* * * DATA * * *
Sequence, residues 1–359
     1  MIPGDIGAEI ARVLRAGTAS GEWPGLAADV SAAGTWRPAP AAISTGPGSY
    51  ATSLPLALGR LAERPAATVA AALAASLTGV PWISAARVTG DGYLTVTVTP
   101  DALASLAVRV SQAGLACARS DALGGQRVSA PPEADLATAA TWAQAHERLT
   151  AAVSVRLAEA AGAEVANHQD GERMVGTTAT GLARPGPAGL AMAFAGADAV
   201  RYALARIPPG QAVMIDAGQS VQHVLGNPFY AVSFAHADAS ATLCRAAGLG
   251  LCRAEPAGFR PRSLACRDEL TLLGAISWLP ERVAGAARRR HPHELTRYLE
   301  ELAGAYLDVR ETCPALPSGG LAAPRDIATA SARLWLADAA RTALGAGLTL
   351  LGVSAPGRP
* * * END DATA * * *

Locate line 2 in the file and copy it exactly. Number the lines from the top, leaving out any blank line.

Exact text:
     1  MIPGDIGAEI ARVLRAGTAS GEWPGLAADV SAAGTWRPAP AAISTGPGSY